6. How the hell did Adam Eaton become the whipping boy in all of this? The guy with an .855 OPS this month, who is fourth on the team in home runs despite being barely over five-and-a-half feet tall? Better yet, he's being cast as lazy, despite being such a reckless try-hard that he was specifically instructed to tone it down last season. It just goes to show that if you stink in the first month of the year, or don't run hard that one time during a day game where general Chicago sports media actually have nothing better to do than pretend to watch, it doesn't matter what else you do.
7. This all comes after Kenny Williams gave Ventura the dreaded public vote of confidence before the start of the weekend, and providing assurance that everyone is in regular contact with him. It was a keen response to the notion that Ventura's strategic foibles are just something the front office grins and bears in light of his other strengths.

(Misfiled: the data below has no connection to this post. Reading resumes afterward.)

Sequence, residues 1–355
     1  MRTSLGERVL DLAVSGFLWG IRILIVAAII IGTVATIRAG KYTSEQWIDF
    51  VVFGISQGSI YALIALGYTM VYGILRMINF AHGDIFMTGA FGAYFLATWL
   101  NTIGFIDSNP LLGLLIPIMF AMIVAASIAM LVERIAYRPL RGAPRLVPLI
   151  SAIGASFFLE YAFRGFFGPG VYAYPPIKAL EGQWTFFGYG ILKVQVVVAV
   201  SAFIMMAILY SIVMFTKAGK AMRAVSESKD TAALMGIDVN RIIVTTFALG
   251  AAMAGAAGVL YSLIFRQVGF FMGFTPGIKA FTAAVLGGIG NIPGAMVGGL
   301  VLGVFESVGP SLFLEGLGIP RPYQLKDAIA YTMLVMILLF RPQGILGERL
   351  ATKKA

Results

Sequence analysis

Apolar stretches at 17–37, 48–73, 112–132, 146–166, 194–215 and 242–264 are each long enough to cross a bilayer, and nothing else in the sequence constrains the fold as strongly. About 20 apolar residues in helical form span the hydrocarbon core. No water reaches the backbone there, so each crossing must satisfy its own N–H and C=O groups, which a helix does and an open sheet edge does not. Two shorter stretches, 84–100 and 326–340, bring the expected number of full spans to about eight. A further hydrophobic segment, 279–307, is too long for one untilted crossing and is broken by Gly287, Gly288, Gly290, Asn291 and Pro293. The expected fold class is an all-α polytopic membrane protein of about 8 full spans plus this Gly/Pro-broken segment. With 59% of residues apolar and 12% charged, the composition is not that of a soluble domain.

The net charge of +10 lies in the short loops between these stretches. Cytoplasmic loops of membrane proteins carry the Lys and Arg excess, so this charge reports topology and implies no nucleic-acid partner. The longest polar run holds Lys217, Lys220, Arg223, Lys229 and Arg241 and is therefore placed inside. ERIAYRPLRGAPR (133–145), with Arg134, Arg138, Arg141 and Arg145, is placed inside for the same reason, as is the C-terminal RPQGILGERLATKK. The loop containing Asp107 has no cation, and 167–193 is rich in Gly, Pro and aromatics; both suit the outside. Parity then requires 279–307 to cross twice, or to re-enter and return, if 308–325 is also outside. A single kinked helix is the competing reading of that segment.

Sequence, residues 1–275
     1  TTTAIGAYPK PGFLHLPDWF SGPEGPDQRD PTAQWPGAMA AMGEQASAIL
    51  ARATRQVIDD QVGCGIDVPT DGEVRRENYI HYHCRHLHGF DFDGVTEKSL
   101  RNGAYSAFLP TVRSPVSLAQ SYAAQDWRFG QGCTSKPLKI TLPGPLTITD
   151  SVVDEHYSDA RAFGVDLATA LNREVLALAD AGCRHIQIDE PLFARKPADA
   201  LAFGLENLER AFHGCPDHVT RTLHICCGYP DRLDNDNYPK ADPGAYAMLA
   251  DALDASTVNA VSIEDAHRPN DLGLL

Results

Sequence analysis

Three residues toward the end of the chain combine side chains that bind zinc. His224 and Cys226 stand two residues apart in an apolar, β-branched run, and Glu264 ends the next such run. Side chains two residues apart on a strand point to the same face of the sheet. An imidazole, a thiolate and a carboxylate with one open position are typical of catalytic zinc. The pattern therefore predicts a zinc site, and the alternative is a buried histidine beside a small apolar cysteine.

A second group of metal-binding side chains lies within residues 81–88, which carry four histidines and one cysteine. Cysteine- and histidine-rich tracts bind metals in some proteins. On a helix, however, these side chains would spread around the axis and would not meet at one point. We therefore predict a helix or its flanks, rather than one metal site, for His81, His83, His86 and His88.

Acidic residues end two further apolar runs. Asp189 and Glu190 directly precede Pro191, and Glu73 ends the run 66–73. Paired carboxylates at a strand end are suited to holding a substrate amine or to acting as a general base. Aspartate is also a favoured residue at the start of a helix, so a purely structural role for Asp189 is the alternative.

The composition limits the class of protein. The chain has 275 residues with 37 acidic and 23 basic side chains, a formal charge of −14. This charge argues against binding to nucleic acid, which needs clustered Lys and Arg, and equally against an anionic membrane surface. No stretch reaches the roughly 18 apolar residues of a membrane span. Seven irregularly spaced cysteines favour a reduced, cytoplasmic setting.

Well, gee, Kenny, when you put it that way...
8. Melky Cabrera's numbers in June after clocking a real, live, major league home run over the weekend:
Cabrera's a big reason why the Sox have had a terrible start, but this just makes offloading the blame for things Ventura is doing in the here and now on players trending upward more comical.
9. Besides the fact that a rainout and two off-days this week made it that they could, I've yet to see a reason for Danks getting skipped in the rotation other than that he's been getting trashed on the regular, which feels like it would be sliding toward a larger admission. If he's someone you're just ducking because it's in your best interest to have him pitch less, maybe start exploring your internal alternatives.
10. Chris Sale starts Tuesday night in St. Louis, where he will presumably be trying to extend his streak of games with 10 or more strikeouts to eight in a row. St. Louis will provide a sobering example of an overpowering colossus helmed by a young, handsome, possibly tactically deficient manager.
Let us take a lesson from this. That lesson being, do not write a "The Sox could learn something from the Cardinal Way," article because we will all hate-read it.